Take the 2-minute tour ×
Stack Overflow is a question and answer site for professional and enthusiast programmers. It's 100% free, no registration required.

From Emacs 23.1 NEWS:

*** The Emacs character set is now a superset of Unicode. (It has about four times the code space, which should be plenty).

And more details later on:

*** In multibyte buffers and strings, characters are represented by UTF-8 byte sequences. The character code space is now 0x0..0x3FFFFF with no gap; code points 0x0..0x10FFFF are Unicode characters of the same code points, while code points 0x3FFF80..0x3FFFFF are raw 8-bit bytes.

According to Wikipedia, the BMP of the UCS has 65536 characters, the latest version of Unicode contains more than 107000 characters, and the UCS has more than one million code points. 0x3FFFFF is more than four millions.

What problems could be solved or how otherwise it is beneficial to have internal character set that is a superset of Unicode?

share|improve this question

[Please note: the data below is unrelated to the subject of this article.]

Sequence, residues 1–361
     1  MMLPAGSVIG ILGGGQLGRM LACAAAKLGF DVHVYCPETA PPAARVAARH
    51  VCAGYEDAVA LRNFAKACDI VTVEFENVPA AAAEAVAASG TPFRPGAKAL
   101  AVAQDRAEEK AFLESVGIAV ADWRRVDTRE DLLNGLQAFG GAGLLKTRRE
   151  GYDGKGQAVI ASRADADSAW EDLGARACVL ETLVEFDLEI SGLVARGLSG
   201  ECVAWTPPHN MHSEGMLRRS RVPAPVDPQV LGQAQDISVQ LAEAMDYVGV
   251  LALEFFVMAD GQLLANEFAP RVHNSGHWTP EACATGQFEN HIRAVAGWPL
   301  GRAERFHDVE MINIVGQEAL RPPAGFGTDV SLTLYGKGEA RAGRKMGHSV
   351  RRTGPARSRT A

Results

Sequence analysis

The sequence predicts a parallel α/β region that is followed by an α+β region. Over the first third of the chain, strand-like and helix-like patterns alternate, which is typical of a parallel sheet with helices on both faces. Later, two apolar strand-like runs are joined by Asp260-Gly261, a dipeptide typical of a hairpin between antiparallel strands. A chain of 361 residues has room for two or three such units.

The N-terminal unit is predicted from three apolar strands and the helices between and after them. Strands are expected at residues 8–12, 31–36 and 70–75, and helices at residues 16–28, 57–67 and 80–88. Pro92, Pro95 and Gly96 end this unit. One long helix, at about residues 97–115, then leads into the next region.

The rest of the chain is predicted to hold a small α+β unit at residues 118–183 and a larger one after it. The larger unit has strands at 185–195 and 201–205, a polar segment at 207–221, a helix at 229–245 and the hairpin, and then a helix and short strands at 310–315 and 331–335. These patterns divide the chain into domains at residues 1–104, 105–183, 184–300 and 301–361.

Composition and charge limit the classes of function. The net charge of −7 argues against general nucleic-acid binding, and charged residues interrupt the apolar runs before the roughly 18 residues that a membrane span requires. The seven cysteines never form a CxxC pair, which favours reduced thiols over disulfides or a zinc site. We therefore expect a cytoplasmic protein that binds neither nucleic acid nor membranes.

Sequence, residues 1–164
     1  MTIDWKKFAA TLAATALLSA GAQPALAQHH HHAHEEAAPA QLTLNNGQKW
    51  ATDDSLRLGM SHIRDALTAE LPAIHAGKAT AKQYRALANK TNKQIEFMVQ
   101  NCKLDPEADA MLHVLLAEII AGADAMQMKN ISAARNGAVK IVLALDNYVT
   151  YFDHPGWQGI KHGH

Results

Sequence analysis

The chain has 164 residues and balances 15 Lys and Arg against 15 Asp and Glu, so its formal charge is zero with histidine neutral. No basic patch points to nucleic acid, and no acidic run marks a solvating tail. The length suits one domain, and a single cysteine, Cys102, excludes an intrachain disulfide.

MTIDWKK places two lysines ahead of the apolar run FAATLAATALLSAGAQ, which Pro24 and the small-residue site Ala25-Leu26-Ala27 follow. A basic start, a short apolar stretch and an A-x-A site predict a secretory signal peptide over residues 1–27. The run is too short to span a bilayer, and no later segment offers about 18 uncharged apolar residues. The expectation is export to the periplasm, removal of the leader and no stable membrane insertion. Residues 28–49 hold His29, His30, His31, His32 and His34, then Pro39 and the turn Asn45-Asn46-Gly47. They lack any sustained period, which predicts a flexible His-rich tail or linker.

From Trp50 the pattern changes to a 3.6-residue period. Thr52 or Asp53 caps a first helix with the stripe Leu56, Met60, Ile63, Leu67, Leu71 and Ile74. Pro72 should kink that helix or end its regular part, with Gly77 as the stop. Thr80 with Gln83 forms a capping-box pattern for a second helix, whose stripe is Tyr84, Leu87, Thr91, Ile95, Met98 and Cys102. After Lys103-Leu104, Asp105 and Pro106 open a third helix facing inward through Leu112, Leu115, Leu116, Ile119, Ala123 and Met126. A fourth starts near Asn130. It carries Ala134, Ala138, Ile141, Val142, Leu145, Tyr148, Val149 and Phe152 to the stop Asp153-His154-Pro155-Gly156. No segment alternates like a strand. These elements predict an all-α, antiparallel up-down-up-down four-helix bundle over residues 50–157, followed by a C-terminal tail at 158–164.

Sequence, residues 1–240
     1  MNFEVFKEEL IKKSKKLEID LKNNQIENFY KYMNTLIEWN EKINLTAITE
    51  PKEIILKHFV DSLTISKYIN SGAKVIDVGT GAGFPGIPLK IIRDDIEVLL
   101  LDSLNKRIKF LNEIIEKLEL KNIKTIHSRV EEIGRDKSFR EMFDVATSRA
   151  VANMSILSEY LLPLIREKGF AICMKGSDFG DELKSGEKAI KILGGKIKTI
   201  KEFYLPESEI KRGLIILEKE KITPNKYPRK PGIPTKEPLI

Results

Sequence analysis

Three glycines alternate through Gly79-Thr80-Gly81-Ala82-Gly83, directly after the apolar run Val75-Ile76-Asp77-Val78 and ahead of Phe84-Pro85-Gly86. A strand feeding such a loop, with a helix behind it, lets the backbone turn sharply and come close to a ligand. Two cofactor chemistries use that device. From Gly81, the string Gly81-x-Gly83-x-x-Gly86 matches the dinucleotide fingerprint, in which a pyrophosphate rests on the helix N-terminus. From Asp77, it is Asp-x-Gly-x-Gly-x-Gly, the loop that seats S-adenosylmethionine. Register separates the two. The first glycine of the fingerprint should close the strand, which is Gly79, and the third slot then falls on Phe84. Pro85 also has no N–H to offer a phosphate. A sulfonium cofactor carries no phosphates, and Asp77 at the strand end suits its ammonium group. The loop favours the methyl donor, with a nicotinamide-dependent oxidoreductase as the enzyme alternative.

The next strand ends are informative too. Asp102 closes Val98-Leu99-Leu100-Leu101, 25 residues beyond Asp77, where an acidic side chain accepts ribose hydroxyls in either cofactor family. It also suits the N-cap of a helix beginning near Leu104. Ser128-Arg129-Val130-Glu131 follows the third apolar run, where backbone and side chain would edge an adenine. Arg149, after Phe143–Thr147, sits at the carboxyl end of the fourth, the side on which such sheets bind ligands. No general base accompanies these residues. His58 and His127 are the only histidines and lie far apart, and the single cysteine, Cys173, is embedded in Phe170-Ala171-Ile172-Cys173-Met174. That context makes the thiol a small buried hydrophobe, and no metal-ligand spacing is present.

1 Answer 1

up vote 23 down vote accepted

Unicode is designed to encompass the required character sets for all human languages, which is certainly useful for globalisation/localisation of your code, but because Emacs is the tool of the gods themselves, it has to also encompass every character that may be used by deities of all kinds ( including but not limited to the eldritch runes of the Great Old Ones), spacefaring races ( including but not limited to our future alien overlords ), ultra-intelligent-machine-intelligences ( including but not limited to our future robot masters ) and every other being that desires infinite cosmic power. That is potentially a whole lot of characters!

Or it could be to do with UTF-8 being a way of encoding characters that has much more space than is taken up by the Unicode set and Emacs just supporting the whole of UTF-8, but I prefer my explanation above.

share|improve this answer
7  
UTF-8 is an encoding of the Unicode character set. Neither is a sub/superset of the other. –  jamessan Nov 4 '09 at 15:28
5  
Please note that Unicode is a charset and UTF-8 is a byte-encoding of the Unicode charset (i.e., UTF-8 is a way to represent any sequence of "abstract characters" in the Unicode charset as a sequence of bytes). –  yfeldblum Nov 4 '09 at 15:29
    
Edited to cohere more closely with the comments above. Thanks for the explanation. –  glenatron Nov 4 '09 at 15:54

Your Answer

 
discard

By posting your answer, you agree to the privacy policy and terms of service.

Not the answer you're looking for? Browse other questions tagged or ask your own question.